As shown in FIG. 13, the branched nanochannel device can be fabricated by use of compositionally modulated wires. The wires can be fabricated with electrodeposition. The wires comprise layers with different compositions (metals of alloys). The layers comprising the different compositions can be electrodeposited with pulsed potential, pulsed current, or pulsed agitation. In one example, NiFe alloys wires are electrodeposited along with alloys of different compositions at different potentials. The layers with different compositions are etched differently with various etching chemistries. Layers with certain compositions are etched and preferably creating notches along the wires. In FIG. 14, a single nanowire electrodeposited with one compositional modulation, released from template, dispersed on a substrate, and then etched to create a narrower region is shown. The nanowire is then capped and etched to create the channel.

For the electrodeposition of the wires, a template is used. Example templates include aluminum oxide templates, diblock copolymer templates, or nuclear track etched templates. The template can also be fabricated in other ways to create branches. After the deposition of wires with modulated compositions in the template, the template is dissolved to release the wires. In another example, direct electrodeposition can be used to form free wires with modulated compositions, such as electrochemical 3-dimensional printing. The free wires can be etched such that one layer of the compositions are selectively etched to create notched regions along the wires. The wires with notches are collected in liquid solution and dispersed on insulating layer on the substrate.

The fabrication methods are further shown in FIG. 15. First, deposit wires of element 1 (or alloy with composition 1) on the insulating material. Second, deposit element 2 (or alloy with composition 2) on the wires at the location the nanopores (nanogates). Third, the formation of compositional modulation in the wires occurs by inter-diffusion of the two elements (or alloys (compositions)). Fourth, element 2 (or alloy with composition 2) is removed. Fifth, the selective etching of the modulated layer is performed to create the notches in the wire. As further shown in FIG. 15, a 3-D sketch of the notches created by this process is shown.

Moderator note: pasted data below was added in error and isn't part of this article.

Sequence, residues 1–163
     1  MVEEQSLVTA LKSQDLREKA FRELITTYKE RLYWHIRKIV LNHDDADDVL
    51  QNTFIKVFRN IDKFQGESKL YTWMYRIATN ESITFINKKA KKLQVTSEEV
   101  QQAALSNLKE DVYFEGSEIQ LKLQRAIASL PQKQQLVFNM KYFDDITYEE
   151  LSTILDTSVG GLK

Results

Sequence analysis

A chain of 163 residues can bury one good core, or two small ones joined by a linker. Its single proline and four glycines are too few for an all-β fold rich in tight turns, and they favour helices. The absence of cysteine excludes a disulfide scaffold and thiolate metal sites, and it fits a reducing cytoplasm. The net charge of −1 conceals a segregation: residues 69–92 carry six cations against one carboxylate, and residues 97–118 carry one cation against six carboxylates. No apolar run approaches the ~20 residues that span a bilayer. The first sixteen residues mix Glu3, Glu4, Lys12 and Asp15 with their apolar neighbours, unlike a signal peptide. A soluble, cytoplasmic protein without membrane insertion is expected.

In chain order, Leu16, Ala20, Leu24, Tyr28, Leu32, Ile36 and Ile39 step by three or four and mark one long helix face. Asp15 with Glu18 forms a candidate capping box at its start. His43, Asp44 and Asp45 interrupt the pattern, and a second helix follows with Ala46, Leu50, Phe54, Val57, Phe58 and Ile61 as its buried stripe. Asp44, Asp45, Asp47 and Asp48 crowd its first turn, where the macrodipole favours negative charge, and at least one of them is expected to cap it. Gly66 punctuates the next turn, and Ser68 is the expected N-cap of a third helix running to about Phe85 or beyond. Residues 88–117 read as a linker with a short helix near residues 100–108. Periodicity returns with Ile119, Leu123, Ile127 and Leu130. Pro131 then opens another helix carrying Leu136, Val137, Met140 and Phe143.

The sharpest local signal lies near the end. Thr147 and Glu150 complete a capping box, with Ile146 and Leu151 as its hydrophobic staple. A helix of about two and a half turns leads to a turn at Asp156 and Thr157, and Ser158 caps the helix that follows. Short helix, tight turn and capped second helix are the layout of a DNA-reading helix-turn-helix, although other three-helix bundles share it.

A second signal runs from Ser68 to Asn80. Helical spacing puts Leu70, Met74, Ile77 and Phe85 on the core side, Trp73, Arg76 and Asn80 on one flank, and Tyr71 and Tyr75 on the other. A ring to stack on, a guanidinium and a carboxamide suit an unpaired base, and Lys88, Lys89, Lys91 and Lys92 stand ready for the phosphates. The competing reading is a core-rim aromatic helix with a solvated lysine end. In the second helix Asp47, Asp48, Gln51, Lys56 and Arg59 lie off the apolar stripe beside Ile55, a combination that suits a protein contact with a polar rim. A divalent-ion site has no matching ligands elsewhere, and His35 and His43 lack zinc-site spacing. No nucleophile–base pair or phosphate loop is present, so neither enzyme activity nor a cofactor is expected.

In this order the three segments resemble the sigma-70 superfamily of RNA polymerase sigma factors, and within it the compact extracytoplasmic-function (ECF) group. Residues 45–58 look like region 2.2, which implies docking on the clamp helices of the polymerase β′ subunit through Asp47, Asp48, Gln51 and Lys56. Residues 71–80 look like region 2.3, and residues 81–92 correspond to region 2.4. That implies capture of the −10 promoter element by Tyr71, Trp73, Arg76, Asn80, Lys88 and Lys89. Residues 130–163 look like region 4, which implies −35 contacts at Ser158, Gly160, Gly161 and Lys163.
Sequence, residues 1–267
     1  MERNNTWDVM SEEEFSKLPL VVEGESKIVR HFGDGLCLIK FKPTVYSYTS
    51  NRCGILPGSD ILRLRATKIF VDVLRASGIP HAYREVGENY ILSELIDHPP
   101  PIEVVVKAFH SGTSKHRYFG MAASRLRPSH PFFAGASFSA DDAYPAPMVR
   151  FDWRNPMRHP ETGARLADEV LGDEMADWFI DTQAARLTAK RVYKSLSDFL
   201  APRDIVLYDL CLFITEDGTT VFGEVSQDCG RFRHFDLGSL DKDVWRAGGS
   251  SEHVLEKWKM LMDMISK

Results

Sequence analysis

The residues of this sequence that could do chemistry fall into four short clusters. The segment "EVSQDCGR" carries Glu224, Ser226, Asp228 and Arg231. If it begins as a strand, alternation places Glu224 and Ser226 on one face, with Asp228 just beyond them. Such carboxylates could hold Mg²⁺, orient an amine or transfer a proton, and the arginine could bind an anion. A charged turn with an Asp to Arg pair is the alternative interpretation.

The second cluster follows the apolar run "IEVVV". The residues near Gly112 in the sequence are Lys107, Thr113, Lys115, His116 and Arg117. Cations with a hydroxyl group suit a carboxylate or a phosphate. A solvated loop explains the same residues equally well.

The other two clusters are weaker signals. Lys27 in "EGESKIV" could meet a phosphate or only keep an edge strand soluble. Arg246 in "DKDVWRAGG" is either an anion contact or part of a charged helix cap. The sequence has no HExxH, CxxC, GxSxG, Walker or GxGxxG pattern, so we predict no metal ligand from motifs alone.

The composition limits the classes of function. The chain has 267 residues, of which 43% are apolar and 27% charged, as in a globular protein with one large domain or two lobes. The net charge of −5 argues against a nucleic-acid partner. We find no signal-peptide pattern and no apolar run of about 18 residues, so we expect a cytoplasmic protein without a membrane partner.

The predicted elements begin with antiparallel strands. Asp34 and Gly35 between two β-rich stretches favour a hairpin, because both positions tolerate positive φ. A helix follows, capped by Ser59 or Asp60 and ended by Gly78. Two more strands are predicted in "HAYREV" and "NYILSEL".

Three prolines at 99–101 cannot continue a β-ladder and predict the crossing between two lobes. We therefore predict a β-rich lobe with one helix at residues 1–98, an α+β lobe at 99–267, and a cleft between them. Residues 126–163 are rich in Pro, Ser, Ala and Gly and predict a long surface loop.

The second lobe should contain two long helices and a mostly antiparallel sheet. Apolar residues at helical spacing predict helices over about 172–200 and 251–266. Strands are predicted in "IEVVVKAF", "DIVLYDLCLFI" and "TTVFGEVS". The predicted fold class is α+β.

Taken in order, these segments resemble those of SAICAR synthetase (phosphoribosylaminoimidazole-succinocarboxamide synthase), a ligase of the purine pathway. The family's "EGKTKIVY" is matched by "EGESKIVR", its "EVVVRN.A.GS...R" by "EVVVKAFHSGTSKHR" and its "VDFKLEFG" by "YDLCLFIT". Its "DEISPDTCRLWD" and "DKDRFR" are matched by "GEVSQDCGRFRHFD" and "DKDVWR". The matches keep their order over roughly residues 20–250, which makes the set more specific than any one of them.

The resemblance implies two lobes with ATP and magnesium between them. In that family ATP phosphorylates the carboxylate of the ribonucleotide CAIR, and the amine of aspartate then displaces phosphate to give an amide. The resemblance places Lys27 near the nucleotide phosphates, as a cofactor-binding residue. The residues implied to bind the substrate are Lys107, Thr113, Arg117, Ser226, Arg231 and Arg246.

The formation of the compositional modulation in the wires can also be achieved by other methods, for example, inter-diffusion of material at high temperature, implantation, or direct deposition (bombarding) of the second material. The formation of wires can be achieved with processes such as deposition (PVD, sputtering, evaporation, electrodeposition, CVD), followed by lithography patterning, followed by etching (dry etching or wet etching), and followed by pattern removal. In addition, wires can be formed by lithography patterning followed by deposition (evaporation, electrodeposition), and followed by lift-off.

The fluid chambers (or microfluidic channels) can be formed by processes such as deposition of insulating materials, lithography patterning, etching of insulting materials, and bonding.

Unless defined otherwise, all technical and scientific terms used herein have the same meanings as commonly understood by one of skill in the art to which the disclosed invention belongs. Publications cited herein and the materials for which they are cited are specifically incorporated by reference.